Achieving peak performance in competitive athletics requires a complex but delicate interplay of skill, physical conditioning, practice, precision, grit and passion. Sometimes, both external and internal factors such as self-doubt, pressure, anxiety and stress can interfere with an athlete’s performance or desire to play.
The COVID-19 situation may have restricted people’s space, but not their imagination. A Chula lecturer has given recommendations to parents who need to spend more time at home on select social activities to enhance children’s development in a safe and age-appropriate way.
With playground season in full swing, the American Academy of Orthopaedic Surgeons (AAOS) encourages parents and guardians to take a moment to familiarize themselves with the risks on playgrounds and ways to prevent injuries. Although minor bumps or bruises occur on playgrounds, many playground injuries, such as broken bones, dislocations and concussions, are more severe.
Not too little, not too much – Goldilocks’ ‘just right’ approach can now assess children’s daily activities as new research from the University of South Australia confirms the best make up of a child’s day to maximise bone health and function in children.
New research reveals that media use before bedtime translates to less sleep for children who generally struggle to self-regulate their behavior.
As a parent, your number one goal is keeping your child safe and healthy. When is it time to head to the emergency department (ED)—and when is it best to call your child’s doctor, or go to an urgent care center?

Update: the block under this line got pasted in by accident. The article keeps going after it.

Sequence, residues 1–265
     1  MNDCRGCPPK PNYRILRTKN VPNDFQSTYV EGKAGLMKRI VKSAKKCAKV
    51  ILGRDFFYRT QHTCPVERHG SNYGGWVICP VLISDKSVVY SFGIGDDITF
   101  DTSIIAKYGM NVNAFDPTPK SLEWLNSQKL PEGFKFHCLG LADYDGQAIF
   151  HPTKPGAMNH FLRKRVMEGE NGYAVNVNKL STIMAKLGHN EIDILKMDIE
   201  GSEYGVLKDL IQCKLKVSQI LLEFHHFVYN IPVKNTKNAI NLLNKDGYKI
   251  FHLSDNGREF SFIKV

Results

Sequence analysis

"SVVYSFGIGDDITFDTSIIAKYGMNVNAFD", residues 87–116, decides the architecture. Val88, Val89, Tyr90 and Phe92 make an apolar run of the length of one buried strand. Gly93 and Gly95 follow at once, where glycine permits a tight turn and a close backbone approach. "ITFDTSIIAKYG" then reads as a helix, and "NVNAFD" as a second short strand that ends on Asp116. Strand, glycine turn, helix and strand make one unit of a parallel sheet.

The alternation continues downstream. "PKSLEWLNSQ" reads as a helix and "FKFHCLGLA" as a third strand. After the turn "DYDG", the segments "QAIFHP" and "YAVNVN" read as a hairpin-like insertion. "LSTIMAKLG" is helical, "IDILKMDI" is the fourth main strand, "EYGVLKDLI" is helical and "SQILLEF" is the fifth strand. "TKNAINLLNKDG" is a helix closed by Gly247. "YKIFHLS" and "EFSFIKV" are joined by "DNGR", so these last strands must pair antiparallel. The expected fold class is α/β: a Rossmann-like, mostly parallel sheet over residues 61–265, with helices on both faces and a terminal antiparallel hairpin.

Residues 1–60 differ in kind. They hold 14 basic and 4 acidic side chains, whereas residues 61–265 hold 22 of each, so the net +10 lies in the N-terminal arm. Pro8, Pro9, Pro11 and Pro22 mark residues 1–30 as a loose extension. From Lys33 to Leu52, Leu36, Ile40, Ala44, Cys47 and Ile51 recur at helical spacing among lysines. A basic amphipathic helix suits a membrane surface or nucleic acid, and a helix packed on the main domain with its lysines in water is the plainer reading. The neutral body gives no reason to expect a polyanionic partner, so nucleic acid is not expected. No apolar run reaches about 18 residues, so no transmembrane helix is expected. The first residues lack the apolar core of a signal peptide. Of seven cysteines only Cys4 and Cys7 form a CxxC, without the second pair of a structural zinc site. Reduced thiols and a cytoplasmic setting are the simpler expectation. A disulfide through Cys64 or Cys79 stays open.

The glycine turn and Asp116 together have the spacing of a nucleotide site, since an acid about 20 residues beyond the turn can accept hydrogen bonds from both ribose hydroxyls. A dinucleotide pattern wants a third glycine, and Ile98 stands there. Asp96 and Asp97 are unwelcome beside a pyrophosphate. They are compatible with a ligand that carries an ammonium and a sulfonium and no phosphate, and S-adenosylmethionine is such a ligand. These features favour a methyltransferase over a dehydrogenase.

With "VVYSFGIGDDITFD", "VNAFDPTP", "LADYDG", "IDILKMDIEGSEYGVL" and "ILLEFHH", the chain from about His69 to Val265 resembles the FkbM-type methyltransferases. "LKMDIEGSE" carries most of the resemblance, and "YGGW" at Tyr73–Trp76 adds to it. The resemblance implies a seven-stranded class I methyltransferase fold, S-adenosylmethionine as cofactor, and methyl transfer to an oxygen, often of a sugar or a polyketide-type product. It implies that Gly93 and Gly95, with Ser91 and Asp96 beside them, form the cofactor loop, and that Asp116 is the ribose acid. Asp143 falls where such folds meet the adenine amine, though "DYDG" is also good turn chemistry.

UAB expert Samisksha Raut, Ph.D., explains the importance of keeping kids away from playgrounds and from touching various toys and sports equipment during the COVID-19 pandemic quarantine.
NEXT.cc, an organization that serves teachers and students around the world, is reaching out to children and families to share its variety of free science, technology, engineering, arts and mathematics (STEAM) projects through its website, Facebook and Linked In.
As social distancing policies come into play and schools progressively cancel sports, excursions and extra-curricular activities, UniSA experts are cautioning parents that filling this void with additional screen time could be detrimental to their children’s health.
The first ever global trends for adolescent insufficient physical activity show that urgent action is needed to increase physical activity levels in girls and boys aged 11 to 17 years. The study, published in The Lancet Child & Adolescent Health journal and produced by researchers from the World Health Organization (WHO), finds that more than 80% of school-going adolescents globally did not meet current recommendations of at least one hour of physical activity per day – including 85% of girls and 78% of boys.
A new study from Queen’s University Belfast and Rutgers School of Public Health researchers has found that children from disadvantaged backgrounds spend less time reading and engaging in physical activity and exercise than their peers as they get older.
A new research study from Queen’s University Belfast has found that children from disadvantaged backgrounds spend less time reading and engaging in physical activity and exercise than their peers as they get older.